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The physiological manifestations of posttraumatic stress disorder (PTSD) have been associated with an increase in risk of cardiovascular disease (CVD) independent of negative lifestyle factors. Peripheral vascular dysfunction may be a mechanism by which PTSD increases CVD risk via increases in oxidative stress, inflammation, and/or sympathetic nervous system activity. PURPOSE: This study sought to examine peripheral vascular function in those with PTSD compared to age-matched controls. METHODS: Eight individuals with PTSD (5 women, 3 men; age 22 ± 2 years), and sixteen healthy controls (CON; 10 women, 6 men, 23 ± 2 years), participated in the study. Leg vascular function was assessed via passive leg movement (PLM) technique and evaluated with Doppler ultrasonography. PLM-induced increases in leg blood flow were quantified as peak change in blood flow from baseline (ΔPeak LBF) and blood flow area under the curve (LBF AUC). RESULTS: Significant differences in leg vascular function were revealed between groups. The PTSD group reported significantly lower ΔPeak LBF (PTSD: 294.16 ± 54.16; CON: 594.78 ± 73.70 ml∙min-1; p = 0.01) and LBF AUC (PTSD: 57.23 ± 24.37; CON: 169.92 ± 29.84 ml; p = 0.02) when compared to the CON group. CONCLUSION: This study revealed that lower limb vascular function is impaired in individuals with PTSD when compared to healthy counterparts.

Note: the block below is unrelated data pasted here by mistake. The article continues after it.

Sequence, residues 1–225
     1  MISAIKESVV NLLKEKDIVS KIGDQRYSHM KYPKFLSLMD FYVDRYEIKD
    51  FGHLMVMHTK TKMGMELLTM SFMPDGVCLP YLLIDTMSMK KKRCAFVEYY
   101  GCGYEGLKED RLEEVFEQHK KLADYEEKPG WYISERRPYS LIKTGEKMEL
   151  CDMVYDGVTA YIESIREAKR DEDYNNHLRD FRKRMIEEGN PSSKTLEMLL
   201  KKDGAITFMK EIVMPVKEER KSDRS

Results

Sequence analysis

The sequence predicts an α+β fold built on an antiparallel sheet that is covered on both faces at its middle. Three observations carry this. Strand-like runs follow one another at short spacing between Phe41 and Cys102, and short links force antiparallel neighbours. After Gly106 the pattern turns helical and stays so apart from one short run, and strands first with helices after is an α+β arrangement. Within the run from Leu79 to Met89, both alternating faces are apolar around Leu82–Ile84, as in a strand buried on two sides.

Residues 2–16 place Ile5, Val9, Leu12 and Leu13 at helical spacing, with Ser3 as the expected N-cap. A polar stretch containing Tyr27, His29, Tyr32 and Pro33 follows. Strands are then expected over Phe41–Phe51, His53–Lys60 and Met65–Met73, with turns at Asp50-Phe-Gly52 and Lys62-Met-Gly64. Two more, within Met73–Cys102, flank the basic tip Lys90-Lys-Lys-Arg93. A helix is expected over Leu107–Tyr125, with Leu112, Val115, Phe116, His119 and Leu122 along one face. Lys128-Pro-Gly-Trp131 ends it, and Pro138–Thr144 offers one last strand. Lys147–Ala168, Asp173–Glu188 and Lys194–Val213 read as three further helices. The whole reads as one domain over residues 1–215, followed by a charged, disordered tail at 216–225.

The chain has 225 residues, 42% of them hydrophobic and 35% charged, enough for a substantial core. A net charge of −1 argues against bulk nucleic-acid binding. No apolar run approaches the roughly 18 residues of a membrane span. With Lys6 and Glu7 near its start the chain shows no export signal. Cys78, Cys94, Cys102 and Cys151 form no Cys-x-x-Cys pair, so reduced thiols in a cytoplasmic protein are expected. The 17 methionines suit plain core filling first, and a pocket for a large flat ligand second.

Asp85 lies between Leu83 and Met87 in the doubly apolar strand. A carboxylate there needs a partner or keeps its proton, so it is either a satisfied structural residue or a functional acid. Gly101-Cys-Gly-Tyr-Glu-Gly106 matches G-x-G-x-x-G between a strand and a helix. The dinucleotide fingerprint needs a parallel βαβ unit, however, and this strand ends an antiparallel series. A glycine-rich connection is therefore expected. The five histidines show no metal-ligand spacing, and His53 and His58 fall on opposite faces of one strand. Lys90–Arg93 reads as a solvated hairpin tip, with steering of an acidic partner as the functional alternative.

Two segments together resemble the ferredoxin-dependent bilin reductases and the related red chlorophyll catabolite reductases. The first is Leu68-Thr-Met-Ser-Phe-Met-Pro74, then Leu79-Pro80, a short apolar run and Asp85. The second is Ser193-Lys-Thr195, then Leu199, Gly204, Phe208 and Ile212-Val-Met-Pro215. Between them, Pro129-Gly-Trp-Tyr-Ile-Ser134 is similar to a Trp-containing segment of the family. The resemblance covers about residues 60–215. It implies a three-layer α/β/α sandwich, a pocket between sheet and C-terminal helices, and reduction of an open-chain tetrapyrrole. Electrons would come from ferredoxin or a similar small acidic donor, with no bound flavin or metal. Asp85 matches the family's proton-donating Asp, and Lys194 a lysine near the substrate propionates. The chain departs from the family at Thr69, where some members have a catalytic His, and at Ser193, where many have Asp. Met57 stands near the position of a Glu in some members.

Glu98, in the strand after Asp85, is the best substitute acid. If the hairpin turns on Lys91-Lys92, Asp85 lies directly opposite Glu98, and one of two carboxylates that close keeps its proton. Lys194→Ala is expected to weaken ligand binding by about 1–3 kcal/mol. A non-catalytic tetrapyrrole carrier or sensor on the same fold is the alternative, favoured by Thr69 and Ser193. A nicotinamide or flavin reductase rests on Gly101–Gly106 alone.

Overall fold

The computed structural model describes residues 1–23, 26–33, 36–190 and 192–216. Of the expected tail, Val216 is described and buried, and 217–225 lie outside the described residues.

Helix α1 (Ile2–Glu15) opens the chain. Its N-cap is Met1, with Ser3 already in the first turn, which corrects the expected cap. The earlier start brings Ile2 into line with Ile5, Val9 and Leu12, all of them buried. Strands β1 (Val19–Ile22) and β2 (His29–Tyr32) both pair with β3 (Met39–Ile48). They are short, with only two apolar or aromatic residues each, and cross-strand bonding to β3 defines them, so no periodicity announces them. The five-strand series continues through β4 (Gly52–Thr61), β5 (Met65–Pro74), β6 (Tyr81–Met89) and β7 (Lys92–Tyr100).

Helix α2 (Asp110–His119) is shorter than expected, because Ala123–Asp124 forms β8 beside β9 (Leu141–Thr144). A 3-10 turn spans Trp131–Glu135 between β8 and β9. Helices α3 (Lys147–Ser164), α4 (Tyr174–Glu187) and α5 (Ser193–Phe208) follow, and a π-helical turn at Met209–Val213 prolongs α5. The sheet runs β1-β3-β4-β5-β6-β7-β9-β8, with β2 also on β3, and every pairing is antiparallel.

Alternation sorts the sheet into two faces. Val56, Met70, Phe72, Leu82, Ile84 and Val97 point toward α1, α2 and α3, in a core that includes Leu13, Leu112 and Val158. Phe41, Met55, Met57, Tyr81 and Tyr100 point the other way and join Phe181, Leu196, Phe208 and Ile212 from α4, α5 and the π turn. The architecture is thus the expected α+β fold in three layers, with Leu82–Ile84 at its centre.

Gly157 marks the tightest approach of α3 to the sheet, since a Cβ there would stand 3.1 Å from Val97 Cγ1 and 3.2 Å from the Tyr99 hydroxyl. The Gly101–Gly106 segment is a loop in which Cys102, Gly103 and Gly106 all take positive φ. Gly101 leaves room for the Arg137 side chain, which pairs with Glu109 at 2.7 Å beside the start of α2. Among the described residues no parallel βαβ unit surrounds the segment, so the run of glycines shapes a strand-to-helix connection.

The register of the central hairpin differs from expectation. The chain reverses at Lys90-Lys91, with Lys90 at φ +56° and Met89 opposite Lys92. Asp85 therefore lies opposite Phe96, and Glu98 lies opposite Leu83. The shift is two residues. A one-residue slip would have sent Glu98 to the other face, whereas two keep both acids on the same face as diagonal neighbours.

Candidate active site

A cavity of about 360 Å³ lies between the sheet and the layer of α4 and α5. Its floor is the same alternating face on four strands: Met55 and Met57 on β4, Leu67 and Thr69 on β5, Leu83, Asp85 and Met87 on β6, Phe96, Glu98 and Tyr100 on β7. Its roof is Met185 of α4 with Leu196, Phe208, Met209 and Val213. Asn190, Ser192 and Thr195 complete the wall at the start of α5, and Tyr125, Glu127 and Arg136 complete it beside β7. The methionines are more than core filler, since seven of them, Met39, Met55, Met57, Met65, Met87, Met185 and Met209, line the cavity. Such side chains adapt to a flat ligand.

PTSD, posttraumatic stress disorder, cardiovascular, blood flow, vascular system, sympathetic nervous sytem, oxidative stress, inflammation
Mental Disorders | Sports Sciences
Ryan S. Garten
Is Part Of
VCU Graduate Research Posters